7 AM: Medical students around the country waited to find out where they’ve matched for residency. To call them anxious would be an understatement.
“I feel anxiety, but it’s laced with excitement, and it’s laced with awe,” said Casey Weiser as she waited for the David Geffen School of Medicine (DGSOM) Match.
9 AM: Students raced to find their envelopes, and then sounds (and feelings) of elation filled the air.
The future physicians spent the next few hours giving bear hugs, sharing happy tears, and smiling for family photos.
Match bliss lasts for weeks, but eventually, the future residents must ask: Now what?
They’ve always had a general idea of what comes after Match: They graduate and head to residency. But as the big-picture idea of residency becomes a specific role at a specific place, students realize they have to prepare mentally, emotionally, and logistically—all while handling the nerves that come along with starting life as a resident.
We reconnected with Casey Weiser (quoted and featured in the video above) to find out what happened after she matched into a family medicine residency at the North Colorado Family Medicine Center, her top choice.
Casey and her husband were mentally prepared to move anywhere. "On the way over to brunch after Match I looked over at my husband and asked if he wanted to move to Colorado.”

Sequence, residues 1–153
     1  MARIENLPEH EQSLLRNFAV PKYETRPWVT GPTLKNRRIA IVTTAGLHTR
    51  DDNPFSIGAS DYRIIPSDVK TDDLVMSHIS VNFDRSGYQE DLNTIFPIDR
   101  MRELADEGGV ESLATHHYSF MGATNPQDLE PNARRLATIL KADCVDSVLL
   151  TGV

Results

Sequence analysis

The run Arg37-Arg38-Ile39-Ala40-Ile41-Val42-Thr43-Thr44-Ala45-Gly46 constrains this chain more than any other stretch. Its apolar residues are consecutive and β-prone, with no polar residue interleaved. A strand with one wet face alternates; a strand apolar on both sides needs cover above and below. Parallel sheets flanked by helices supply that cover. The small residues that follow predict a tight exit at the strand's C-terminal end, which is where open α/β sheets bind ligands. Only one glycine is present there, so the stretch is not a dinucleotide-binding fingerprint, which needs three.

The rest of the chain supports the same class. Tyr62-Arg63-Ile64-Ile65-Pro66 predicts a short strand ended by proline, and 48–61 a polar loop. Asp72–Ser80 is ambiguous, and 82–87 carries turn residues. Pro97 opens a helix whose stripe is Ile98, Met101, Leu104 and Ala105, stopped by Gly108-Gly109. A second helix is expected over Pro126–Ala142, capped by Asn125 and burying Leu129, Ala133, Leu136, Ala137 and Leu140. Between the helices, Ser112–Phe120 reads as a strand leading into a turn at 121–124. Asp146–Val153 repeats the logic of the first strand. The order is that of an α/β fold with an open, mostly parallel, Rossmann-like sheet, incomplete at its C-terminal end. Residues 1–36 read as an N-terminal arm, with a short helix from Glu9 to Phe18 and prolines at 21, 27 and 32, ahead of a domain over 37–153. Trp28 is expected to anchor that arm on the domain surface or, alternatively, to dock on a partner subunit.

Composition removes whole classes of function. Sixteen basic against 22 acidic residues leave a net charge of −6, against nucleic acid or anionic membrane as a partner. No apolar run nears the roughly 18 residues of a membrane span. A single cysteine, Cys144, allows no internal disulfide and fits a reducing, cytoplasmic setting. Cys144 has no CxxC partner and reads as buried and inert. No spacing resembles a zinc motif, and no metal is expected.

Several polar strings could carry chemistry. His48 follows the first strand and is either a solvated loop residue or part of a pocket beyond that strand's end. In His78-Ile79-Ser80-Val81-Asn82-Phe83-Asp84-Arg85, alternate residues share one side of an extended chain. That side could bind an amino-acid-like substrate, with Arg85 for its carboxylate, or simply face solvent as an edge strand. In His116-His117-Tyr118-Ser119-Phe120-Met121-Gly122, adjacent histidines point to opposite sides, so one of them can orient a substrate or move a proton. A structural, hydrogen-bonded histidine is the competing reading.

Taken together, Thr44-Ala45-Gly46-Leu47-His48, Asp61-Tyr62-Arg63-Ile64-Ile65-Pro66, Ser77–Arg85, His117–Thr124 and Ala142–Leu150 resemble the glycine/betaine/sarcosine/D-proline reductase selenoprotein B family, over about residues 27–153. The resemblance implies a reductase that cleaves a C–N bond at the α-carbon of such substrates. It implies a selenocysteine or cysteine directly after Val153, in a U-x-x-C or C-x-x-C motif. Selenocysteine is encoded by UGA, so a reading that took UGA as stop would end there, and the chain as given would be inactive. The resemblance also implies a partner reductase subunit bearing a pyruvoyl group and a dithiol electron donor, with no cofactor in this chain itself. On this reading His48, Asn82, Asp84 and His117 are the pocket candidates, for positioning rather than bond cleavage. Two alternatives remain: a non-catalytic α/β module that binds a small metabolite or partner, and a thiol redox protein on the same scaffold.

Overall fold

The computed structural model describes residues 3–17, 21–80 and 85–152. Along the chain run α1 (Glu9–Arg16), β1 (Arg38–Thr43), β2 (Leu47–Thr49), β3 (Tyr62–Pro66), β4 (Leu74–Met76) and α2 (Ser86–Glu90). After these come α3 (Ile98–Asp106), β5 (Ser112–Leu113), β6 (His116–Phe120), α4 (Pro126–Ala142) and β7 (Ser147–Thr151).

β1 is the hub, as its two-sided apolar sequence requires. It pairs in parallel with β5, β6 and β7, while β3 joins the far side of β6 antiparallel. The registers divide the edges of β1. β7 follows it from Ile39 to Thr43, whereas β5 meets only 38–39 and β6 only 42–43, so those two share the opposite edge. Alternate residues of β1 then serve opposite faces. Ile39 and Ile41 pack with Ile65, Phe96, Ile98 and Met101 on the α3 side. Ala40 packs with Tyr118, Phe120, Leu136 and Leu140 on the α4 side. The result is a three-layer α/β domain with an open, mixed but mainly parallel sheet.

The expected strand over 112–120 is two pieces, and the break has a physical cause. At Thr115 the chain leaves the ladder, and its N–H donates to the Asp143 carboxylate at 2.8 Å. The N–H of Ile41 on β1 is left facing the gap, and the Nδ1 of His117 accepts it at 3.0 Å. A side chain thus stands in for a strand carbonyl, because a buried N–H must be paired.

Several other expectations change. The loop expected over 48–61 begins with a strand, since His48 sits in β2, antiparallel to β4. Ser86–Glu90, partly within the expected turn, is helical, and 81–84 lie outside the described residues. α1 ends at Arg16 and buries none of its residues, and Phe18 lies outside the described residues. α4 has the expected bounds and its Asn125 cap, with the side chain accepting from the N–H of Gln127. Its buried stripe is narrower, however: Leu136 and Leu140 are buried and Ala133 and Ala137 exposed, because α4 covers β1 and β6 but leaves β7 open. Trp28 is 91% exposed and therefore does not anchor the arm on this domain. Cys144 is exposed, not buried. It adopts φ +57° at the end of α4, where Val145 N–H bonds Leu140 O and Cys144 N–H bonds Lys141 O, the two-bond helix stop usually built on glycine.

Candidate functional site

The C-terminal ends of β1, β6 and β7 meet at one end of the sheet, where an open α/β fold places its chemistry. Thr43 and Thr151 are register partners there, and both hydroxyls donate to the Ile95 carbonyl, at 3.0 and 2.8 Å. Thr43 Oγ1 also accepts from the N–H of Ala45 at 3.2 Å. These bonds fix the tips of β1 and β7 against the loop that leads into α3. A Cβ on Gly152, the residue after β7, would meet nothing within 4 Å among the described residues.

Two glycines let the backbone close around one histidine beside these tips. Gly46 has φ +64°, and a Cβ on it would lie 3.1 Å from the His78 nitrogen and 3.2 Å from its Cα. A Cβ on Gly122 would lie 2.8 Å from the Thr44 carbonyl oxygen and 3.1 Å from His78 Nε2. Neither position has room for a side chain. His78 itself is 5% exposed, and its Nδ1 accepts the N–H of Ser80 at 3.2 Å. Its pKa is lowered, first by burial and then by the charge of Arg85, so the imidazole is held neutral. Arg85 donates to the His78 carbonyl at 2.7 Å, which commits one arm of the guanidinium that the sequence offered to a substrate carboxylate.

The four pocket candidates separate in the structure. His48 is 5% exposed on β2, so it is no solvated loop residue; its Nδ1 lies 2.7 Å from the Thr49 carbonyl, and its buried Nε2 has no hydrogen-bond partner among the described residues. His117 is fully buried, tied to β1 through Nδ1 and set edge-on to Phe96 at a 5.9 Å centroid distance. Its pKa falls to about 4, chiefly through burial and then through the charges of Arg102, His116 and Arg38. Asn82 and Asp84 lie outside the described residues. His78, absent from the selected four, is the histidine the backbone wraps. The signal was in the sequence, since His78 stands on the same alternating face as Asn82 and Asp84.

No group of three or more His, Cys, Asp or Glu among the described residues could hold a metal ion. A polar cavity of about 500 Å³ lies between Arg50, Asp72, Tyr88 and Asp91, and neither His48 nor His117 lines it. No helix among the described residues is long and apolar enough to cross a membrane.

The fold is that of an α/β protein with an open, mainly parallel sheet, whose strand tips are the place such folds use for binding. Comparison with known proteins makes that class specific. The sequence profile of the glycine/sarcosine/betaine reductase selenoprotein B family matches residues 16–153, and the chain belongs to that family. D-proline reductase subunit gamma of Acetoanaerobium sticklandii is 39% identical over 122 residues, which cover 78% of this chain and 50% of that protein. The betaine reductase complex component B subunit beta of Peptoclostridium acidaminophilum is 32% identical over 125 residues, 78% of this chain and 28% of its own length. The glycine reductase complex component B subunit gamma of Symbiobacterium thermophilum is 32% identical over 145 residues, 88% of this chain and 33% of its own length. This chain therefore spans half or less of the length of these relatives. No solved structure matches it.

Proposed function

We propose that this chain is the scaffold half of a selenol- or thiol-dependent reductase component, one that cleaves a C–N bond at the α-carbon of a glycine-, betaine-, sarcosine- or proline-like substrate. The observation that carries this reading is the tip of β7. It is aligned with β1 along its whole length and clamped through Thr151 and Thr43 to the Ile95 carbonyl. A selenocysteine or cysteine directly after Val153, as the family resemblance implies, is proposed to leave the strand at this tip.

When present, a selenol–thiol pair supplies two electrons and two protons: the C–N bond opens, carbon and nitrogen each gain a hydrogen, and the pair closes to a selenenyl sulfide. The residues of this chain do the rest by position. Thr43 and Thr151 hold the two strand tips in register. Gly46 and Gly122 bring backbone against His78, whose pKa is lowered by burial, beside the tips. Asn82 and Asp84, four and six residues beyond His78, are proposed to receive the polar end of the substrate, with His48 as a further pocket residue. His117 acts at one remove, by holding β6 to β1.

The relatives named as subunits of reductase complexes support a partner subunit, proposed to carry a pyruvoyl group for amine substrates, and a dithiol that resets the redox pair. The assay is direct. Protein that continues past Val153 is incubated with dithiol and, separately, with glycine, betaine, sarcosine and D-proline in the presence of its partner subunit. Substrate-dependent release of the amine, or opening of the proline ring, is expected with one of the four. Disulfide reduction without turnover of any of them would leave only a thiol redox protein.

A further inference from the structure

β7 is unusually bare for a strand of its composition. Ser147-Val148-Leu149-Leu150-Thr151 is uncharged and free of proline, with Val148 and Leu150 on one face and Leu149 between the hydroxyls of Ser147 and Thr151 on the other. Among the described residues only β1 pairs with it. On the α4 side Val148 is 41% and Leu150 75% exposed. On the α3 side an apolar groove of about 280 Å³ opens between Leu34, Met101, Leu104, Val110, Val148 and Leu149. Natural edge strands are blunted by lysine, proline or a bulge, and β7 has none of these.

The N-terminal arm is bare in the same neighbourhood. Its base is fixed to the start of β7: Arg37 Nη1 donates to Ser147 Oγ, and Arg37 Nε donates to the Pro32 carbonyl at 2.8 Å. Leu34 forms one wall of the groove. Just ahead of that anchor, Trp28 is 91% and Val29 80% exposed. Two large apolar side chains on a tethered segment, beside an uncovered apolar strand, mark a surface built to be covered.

She jokes that her question was really just a courtesy check-in, but it soon evolved into a real logistical question: How do we actually move to Colorado?
It’s all one big pile of spaghetti that we have to sort through,” Casey says, but she knows they’ll figure out all the details, one “noodle” at a time.
Post-Match students face a new world focused more on patient care and less on familiar academic protocols.
During a Global Health Rotation in rural South Africa, Casey brushed up on procedures and connected with the humanistic side of patient care.
Years ago, physicians at her rotation center started inviting pregnant women delivering via Cesarean section (C-section) to sing. This helped the team, usually short-staffed, monitor the mother's breathing.
What started as necessity turned into tradition, a way for doctors and patients to bond. Casey says she'll always remember being a apart of it. “It was a beautiful way to welcome a kid into the world,” she says.
Casey says nothing quite prepares anyone for residency. “Medical school gives us the medical knowledge, but we truly learn medicine in residency,” she explains.
She’s confident the knowledge she gained at the DGSOM has prepared her to handle anything that comes her way in residency and in her future practice.
There’s a system in place that ensures I will emerge competent,” she says. “I graduated from a place that is known for producing excellent physicians.”